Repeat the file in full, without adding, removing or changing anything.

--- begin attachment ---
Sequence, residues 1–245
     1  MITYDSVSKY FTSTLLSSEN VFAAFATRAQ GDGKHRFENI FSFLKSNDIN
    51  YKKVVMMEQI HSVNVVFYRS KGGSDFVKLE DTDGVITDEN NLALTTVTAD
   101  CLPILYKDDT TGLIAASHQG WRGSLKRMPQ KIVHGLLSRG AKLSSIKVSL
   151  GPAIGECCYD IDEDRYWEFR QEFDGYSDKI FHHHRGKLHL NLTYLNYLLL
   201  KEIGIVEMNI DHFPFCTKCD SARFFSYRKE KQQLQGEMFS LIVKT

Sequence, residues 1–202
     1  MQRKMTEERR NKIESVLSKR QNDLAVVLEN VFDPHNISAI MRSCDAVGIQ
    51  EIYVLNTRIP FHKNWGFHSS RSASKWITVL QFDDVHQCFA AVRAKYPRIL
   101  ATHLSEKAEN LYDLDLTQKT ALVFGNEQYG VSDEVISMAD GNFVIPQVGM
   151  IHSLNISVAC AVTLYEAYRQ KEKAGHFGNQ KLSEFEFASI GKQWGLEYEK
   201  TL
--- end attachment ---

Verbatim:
Sequence, residues 1–245
     1  MITYDSVSKY FTSTLLSSEN VFAAFATRAQ GDGKHRFENI FSFLKSNDIN
    51  YKKVVMMEQI HSVNVVFYRS KGGSDFVKLE DTDGVITDEN NLALTTVTAD
   101  CLPILYKDDT TGLIAASHQG WRGSLKRMPQ KIVHGLLSRG AKLSSIKVSL
   151  GPAIGECCYD IDEDRYWEFR QEFDGYSDKI FHHHRGKLHL NLTYLNYLLL
   201  KEIGIVEMNI DHFPFCTKCD SARFFSYRKE KQQLQGEMFS LIVKT

Sequence, residues 1–202
     1  MQRKMTEERR NKIESVLSKR QNDLAVVLEN VFDPHNISAI MRSCDAVGIQ
    51  EIYVLNTRIP FHKNWGFHSS RSASKWITVL QFDDVHQCFA AVRAKYPRIL
   101  ATHLSEKAEN LYDLDLTQKT ALVFGNEQYG VSDEVISMAD GNFVIPQVGM
   151  IHSLNISVAC AVTLYEAYRQ KEKAGHFGNQ KLSEFEFASI GKQWGLEYEK
   201  TL